By Aminah Jagne

As the 7th largest English district with a population of over 420,000, (according to the 2011 UK Census) Bristol, although not quite as bustling as London, still holds its own as a thriving city. The city’s vibrant and varietal culture truly does cater for everyone and with a plethora of possible activities, it’s no surprise that in 2009, following a survey of 5000 people conducted by market research company One Poll, Bristol was branded as England’s best city to live in.

Travelling around Bristol, the cultural diversity is obvious and each area serves different tastes and moods.
Gloucester Road is in the North of Bristol and is recognised as having the greatest number of independent traders on any one road within the UK. Ever popular with students, Gloucester Road is always buzzing and features a massive choice of bars, shops, cafes and restaurants. Be it Japanese, Chines, Thai, Italian, Indian, British, Lebanese and many more, there are foods in this area to suit any palate.
The city centre is home to Cabot Circus, a relatively new instalment within Bristol that provides hundreds of larger-scale stores, both within the actual shopping centre and its surrounding areas. However, there is plenty more than just shopping to be found at the heart of Bristol, which includes popular theatre spots such as; The Hippodrome and Bristol Old Vic as well as the Bristol Aquarium and At-Bristol, an educational science discovery centre.
Nightlife in the centre is energetic, Bristol is known for it and the options are infinite. A massive amount of music genres are catered for when it comes to clubbing; with R&B, Jazz, Rock, Techno, Dubstep, Drum & Bass, Garage, Indie all covered by spots such as Po Na Na, Syndicate, Revolution, The Bear, Bierkeller, Dojo Bar, Blue Mountain, Motion, Antix and others, with a surplus of bars to go with them.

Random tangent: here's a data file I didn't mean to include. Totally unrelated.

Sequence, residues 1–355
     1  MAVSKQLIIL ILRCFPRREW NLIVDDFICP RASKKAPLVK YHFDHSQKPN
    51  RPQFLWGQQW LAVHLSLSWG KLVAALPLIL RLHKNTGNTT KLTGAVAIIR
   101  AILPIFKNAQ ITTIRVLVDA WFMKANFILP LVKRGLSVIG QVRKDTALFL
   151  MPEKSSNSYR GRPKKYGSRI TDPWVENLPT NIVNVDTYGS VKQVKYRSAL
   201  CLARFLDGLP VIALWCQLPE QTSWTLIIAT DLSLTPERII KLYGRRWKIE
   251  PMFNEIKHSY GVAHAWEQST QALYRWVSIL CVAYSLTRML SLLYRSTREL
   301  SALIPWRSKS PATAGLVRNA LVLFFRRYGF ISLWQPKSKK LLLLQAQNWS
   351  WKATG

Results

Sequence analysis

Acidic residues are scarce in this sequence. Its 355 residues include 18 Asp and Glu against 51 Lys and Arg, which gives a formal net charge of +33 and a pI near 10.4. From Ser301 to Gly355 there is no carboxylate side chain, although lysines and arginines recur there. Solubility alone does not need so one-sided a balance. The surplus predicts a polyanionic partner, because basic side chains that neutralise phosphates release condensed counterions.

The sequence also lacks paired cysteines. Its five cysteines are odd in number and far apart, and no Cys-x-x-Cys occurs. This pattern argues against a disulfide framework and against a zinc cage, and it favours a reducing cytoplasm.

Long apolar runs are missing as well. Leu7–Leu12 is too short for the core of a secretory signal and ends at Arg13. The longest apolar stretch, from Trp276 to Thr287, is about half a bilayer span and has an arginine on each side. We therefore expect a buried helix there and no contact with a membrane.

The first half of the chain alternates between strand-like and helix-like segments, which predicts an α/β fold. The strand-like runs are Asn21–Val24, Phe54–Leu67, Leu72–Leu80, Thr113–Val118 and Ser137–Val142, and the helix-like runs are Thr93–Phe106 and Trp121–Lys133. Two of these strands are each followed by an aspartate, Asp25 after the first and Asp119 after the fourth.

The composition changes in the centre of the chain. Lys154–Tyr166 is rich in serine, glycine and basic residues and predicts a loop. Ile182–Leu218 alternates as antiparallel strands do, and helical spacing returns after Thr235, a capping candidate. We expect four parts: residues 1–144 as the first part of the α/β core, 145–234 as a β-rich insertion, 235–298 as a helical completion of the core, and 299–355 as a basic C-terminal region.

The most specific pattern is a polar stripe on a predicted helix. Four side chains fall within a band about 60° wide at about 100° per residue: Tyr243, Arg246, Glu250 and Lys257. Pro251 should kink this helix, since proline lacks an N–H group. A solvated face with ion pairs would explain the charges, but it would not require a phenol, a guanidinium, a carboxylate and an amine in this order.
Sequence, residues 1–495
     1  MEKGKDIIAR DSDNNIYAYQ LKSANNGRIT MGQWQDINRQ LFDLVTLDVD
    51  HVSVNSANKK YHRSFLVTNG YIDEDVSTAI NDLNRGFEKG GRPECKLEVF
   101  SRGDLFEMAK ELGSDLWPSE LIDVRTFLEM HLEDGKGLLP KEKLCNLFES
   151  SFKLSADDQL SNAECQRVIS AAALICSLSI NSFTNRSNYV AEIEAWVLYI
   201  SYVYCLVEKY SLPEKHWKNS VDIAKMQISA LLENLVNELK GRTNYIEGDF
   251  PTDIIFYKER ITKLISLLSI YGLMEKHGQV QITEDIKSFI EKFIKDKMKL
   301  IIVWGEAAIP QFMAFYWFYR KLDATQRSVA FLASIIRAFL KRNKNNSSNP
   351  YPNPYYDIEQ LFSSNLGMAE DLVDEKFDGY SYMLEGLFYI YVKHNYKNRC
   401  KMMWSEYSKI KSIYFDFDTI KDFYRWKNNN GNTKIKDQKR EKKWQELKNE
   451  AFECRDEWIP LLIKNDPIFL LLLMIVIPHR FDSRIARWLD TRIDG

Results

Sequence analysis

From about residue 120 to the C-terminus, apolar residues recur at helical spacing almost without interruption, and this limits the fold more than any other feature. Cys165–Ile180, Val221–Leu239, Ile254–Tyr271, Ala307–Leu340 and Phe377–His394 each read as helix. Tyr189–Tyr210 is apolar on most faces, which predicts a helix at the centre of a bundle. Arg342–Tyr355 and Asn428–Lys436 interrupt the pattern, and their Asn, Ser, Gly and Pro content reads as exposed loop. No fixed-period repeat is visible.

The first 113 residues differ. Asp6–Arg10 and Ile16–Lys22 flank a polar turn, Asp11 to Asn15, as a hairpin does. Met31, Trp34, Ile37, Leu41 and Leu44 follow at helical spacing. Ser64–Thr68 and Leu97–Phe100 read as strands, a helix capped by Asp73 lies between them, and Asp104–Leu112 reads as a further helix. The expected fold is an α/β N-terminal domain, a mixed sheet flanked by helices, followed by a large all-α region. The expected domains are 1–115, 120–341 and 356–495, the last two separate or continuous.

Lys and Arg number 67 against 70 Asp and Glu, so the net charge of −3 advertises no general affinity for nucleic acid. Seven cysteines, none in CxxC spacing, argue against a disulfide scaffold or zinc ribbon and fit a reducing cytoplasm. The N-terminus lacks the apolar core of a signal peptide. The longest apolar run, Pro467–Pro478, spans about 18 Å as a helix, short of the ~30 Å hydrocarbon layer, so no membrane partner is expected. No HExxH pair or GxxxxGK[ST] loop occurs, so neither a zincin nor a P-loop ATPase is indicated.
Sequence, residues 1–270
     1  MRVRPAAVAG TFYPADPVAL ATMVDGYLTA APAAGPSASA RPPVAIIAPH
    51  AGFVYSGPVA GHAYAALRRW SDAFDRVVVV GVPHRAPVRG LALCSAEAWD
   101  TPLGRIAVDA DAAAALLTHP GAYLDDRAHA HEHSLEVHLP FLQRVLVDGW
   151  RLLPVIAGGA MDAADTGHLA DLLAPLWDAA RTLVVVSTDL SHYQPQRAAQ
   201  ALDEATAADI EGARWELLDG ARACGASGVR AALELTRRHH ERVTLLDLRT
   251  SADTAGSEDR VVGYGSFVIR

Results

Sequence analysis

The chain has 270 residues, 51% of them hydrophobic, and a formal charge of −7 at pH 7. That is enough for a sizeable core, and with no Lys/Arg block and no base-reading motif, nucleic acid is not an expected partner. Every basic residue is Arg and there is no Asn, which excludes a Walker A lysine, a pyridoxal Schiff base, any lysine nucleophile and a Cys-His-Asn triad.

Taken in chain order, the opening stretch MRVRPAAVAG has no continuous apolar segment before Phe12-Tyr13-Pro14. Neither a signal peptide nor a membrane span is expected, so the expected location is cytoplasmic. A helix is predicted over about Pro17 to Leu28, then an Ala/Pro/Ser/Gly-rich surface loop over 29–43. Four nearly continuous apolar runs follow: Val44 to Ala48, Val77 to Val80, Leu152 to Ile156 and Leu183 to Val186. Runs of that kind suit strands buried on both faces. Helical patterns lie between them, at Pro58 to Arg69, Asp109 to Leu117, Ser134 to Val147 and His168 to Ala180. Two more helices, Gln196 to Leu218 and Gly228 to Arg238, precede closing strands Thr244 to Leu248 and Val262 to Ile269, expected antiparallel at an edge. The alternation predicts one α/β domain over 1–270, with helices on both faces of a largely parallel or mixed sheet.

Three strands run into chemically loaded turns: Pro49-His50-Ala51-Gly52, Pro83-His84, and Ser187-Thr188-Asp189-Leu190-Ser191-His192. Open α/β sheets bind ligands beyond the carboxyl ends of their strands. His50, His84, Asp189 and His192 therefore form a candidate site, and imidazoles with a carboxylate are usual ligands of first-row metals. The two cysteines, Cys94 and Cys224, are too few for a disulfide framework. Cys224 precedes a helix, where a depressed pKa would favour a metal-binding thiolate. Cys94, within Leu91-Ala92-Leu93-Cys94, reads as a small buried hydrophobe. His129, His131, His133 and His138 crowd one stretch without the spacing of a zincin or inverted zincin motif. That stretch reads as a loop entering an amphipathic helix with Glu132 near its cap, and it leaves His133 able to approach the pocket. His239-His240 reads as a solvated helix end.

Head on up to the antique stretch of Clifton and although a large number of independent stores can still be found, they tend to be more upmarket in this somewhat opulent area. Along the way, there are several opportunities to explore Bristol’s history with buildings such as the Red Lodge (a Tudor house turned museum), The Georgian House Museum and Bristol Museum & Art Gallery. Clifton is also home to both Clifton Down, a beautiful stretch of public greenery and The Clifton Suspension Bridge, opened in 1864.
St Pauls and Stokes Croft are cultural areas of Bristol, both with a strong sense of community. Shops here include specialist international and local stores and St Pauls is home to the famous St Pauls Afrikan Carribean Carnival which is run by members of the local community.
With all this variety, an intimate population of around 500,000 (compared to London’s 7.75 million) and roughly 29% cheaper than the capital city, it’s no wonder that Bristol has been appraised so highly. This article has scarcely touched on all of the potential delights to be found within Bristol and it is strongly recommended that students, both new and old, do not hesitate to explore.  With a vibrant culture, strong economy, distinctive sense of history and diversity, Bristol is the place to study.

Image courtesy of Fenners1984